11-Year-Old Cowgirl Makes History Competing At The First Nationally Televised Black Rodeo


An 11-year-old cowgirl recently made history, competing at the first nationally televised Black rodeo, The Undefeated reports. Kortnee Solomon is a fourth-generation Texas cowgirl. Her mother is 11-time invitational champion, Kanesha Jackson, and her father is Professional Rodeo Cowboys Association tie-down roper, Cory Solomon. Her grandmother is Stephanie Haynes, an 18-time invitational champion who also serves on the Bill Pickett Invitational Rodeo board, and her late grandfather was Sedgwick Haynes.

He served as general manager of the Rodeo before his passing.

The 11-year-old is already a pro on the scene, making her debut at the Bill Pickett Rodeo at just 5-years-old. Since then, she has won several championships, participating in the ladies’ barrel and junior breakaway events. The Bill Pickett Invitational is one of the oldest Black-owned rodeo circuits in the nation. They partnered with Professional Bull Riders to produce the Showdown in Vegas this year, featuring seven professional events, including bareback, bulldogging, and calf roping.

Kortnee participated and made history alongside the other cowboys and cowgirls, becoming the first nationally televised Black Rodeo.

There is a lot that goes into the sport for the young cowgirl. It’s not just about mastering her technique but also about dedication, perseverance, and a celebration of community, culture, and heritage. She and her mom take care of their horses on their property in Hempstead, Texas, feeding, grooming, training, and of course, riding them. “We have a great relationship with the horses, it’s almost like we talk to them, and they talk to us. It’s very much like people and their dogs. All the horses have their own unique personality – some are laid-back, some are very outgoing,” Jackson said.

Kortnee’s horse, Tiny, has a mind of her own, preferring to be alone unless she competes with Kortnee riding. The rodeo season usually lasts about May through September, with at least one event a weekend. The family usually spends their time on the road, connecting with their rodeo family. Despite Kortnee’s commitment to the sport, her mother said it’s still important that her daughter has a normal childhood. “I want Kortnee to live through her own purpose. She loves horses, but she also does dance, gymnastics, cheerleading, and basketball. I want her to experience everything, so she doesn’t feel like she missed out during her childhood,” Jackson said.

The young star is usually the only girl competing in the events, something she’s used to. Kortnee said that she doesn’t think about anything before a competition, choosing to focus solely on her performance.

“Before I run, I like to be by myself and to think about what I am going to do in that run,” she said. Invitational CEO Valeria Cunningham said getting the Rodeo on a nationally televised channel was amazing, CBS picking it up for broadcast in celebration of Juneteenth. Cunningham is the only Black female owner of a rodeo, picking up the reins after her husband, Lu Vason, founder of the invitational, depart in 2015. Watching young riders like Kortnee carry the torch is the icing on the cake for Cunningham.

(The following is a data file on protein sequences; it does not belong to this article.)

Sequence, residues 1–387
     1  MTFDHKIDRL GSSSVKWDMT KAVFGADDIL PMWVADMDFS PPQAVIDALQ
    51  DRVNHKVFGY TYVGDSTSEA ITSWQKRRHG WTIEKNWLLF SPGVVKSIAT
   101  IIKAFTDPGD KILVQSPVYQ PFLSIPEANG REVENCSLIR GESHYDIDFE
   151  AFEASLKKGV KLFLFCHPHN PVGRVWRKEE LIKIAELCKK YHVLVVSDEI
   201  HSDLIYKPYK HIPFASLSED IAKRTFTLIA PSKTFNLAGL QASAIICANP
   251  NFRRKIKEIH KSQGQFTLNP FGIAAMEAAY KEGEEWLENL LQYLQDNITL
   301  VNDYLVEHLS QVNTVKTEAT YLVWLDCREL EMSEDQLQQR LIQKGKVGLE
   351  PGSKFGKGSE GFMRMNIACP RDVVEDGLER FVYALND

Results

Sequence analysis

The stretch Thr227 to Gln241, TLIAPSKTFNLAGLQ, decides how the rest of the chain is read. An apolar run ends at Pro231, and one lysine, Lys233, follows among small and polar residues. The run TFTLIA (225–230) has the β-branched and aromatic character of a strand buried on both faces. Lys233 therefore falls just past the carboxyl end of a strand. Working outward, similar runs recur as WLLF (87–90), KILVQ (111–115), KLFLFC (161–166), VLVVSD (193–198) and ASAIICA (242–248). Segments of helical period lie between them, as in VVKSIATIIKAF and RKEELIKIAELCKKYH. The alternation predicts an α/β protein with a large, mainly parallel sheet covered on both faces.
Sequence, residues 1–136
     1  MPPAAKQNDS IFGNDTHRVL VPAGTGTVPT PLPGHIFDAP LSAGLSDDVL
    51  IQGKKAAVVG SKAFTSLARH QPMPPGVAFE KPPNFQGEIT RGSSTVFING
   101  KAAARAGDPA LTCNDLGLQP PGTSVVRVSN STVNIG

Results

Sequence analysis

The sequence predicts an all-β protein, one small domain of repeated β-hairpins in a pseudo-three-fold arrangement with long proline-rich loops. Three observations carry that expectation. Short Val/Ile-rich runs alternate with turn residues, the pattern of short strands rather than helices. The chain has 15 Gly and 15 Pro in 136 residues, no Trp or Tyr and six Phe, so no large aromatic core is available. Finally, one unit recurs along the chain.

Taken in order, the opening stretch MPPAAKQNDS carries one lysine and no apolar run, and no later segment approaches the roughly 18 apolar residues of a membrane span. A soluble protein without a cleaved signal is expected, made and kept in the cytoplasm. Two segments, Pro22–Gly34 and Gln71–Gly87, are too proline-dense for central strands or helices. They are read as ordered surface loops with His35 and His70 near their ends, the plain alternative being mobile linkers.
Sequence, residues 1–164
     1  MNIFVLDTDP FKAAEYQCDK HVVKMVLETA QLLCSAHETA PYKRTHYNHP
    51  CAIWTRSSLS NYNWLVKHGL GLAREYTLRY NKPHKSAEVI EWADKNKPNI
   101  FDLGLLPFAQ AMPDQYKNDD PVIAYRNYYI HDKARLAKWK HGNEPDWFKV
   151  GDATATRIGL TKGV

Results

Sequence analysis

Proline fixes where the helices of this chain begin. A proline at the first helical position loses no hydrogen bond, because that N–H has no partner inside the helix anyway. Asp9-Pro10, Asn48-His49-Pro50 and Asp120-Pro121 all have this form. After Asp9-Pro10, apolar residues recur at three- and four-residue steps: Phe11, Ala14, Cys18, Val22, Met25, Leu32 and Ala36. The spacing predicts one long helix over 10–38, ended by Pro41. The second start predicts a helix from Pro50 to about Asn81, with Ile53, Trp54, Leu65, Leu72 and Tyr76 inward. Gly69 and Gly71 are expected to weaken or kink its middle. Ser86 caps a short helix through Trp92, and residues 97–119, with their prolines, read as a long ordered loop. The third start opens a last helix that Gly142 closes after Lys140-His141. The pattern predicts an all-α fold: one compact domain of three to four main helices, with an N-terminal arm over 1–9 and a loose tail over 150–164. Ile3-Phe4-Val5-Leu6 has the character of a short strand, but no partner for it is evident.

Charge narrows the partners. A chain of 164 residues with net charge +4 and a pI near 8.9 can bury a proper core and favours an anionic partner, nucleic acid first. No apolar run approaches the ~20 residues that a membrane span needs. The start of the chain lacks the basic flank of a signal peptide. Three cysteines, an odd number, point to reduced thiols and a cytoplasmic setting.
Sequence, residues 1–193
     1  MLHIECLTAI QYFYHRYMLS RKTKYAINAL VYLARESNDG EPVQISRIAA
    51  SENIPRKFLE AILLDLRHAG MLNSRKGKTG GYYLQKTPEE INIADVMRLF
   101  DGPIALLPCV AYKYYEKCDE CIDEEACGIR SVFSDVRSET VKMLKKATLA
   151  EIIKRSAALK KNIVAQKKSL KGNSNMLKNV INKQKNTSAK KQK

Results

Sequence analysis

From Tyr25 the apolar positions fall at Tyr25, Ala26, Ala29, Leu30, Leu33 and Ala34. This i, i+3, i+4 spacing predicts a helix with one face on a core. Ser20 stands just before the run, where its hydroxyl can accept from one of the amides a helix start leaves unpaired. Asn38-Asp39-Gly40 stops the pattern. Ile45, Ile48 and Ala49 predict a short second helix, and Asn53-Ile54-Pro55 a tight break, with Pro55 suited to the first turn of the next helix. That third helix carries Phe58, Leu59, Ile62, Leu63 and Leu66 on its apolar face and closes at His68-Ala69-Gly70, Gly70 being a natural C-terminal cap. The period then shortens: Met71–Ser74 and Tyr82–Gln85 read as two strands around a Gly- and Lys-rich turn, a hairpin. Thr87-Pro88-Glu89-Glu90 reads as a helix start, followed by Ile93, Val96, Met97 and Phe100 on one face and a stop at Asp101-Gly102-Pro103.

“Kortnee always pushes herself and is willing to try anything because she knows what her abilities are,” she said. “For the past 37 years, we’ve been working to create a platform for Black cowboys and cowgirls, to educate people about how Blacks were left out of the history books in the development of the West, and inspire people to have hope for the future…and see that Black cowboys and cowgirls do exist today,” Cunningham said.

This is how people reacted to this post:

Deborah Coppage-HutchinsonCongratulations and praise God for “The First Nationally Broadcast Black Rodeo.” I will not be the last, better days are ahead. God bless and keep Kortnee safe and add to her success as you see fit.

Pamela HumphreyThrilled to see this- had no idea there was such a thing! Why aren’t our kids exposed to these great stories in school as part of highlighting all the successes of minorities and their children. More than the media would like you to think- thank you for continuing to post these great stories.

Mario ChavezIm very familiar with rodeos, our schools had their own teams & very present in the community.

But they were teams, kids of all colors & backgrounds working together. Its wasnt about black or white. If competing against all black makes you feel better than so be it……. But it’s a sad thing, do people know one of the most notable cowboys?

Tammy MelderBut what would be said of nationally televised all white rodeo? I’m glad she is doing so well…but let’s count her a success and not put her race in it…She is successful… race has nothing to do with her talent. Let’s not look at the color of her skin, but at her for the hard work and dedication she as a young girl put in to her sport.

This Article Was First Published on becauseofthemwecan.com